By Nathan Layne
In the United States, several members of Congress seized on the breach, in which hackers stole names, addresses and possibly credit card details from users of Sony's PlayStation Network, in one of the largest Internet security break-ins ever.
There is concern that loyal PlayStation gamers could ditch Sony in the wake of the data theft and analysts said the hacking could steer people looking to buy a video game console toward Microsoft Corp's Xbox, which has its own popular online network.
"I am outraged that my personal information may have been accessed by hackers," said Rich Chiang, a Playstation and Xbox user based in Shanghai.
"It is shocking that Sony has been so aggressive in going after people who have hacked their products and services, yet was this unprepared for the consequences of angering that community," said Chiang, an executive with a Chinese gaming firm.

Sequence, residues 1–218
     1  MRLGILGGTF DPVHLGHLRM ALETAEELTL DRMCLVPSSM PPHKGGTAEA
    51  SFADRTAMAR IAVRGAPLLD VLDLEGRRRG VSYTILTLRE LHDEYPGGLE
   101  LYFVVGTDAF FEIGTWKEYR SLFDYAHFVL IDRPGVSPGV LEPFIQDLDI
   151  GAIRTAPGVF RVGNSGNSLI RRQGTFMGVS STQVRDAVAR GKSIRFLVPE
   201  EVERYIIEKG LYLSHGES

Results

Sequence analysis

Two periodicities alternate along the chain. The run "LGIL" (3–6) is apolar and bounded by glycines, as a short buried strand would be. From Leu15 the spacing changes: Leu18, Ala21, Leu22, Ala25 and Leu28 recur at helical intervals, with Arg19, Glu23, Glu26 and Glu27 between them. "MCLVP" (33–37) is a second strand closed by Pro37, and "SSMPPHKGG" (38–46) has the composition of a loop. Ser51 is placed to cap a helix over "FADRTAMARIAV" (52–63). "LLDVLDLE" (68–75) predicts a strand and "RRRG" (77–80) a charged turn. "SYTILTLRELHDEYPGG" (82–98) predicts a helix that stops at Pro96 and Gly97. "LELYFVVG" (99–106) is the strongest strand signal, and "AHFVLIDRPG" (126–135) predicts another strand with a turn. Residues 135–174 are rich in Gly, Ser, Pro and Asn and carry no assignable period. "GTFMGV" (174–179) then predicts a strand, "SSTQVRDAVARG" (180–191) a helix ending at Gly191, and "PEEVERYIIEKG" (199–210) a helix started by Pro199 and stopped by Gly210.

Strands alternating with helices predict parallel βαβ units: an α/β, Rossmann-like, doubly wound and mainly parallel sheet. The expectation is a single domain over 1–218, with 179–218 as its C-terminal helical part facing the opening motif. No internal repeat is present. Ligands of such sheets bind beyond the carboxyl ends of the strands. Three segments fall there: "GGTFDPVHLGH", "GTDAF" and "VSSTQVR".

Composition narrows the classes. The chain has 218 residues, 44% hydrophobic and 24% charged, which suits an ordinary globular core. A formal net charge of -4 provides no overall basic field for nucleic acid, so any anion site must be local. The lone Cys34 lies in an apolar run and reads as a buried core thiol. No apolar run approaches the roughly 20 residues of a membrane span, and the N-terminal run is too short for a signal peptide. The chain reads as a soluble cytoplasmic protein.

"It is also disturbing that Sony took a full week after the breach to fully announce the details of the incident."
Sony's PlayStation Network, a service that produces an estimated $500 million in annual revenues, provides access to online games, movies and TV show.
By 0320 GMT (11:20 p.m. ET on Wednesday), Sony shares were down 4.8 percent in a broader market up 1.3 percent. The shares fell the most since mid-March.
Security experts said Sony needs to account for the loss of that business -- as well as damage to its brand -- when it tallies up the cost of dealing with the breach. Other costs include notifying customers of the attack and bringing in experts to cleanse its network.
Larry Ponemon, chairman and founder of the Ponemon Institute said the theft could cost Sony more than $1.5 billion, or an average of $20 for each of the 77 million customers whose data was potentially compromised. Poneman's firm specializes in securing information on computer networks.
Sony pulled the plug on the network on April 19 after finding out about the breach, but it did not tell the public about the hackers' attack until a week later.
The delay, which Sony said was needed to conduct a forensic investigation, may remind its overseas customers of the foot dragging by Toyota that earned the Japan's leading automaker the distain of consumers.
Sony shares have fallen more than 8 percent this week, with investors nervous about the fall out of the data leak episode.
(Additional reporting by Melanie Lee in SHANGHAI; Writing by Anshuman Daga; Editing by Lincoln Feast)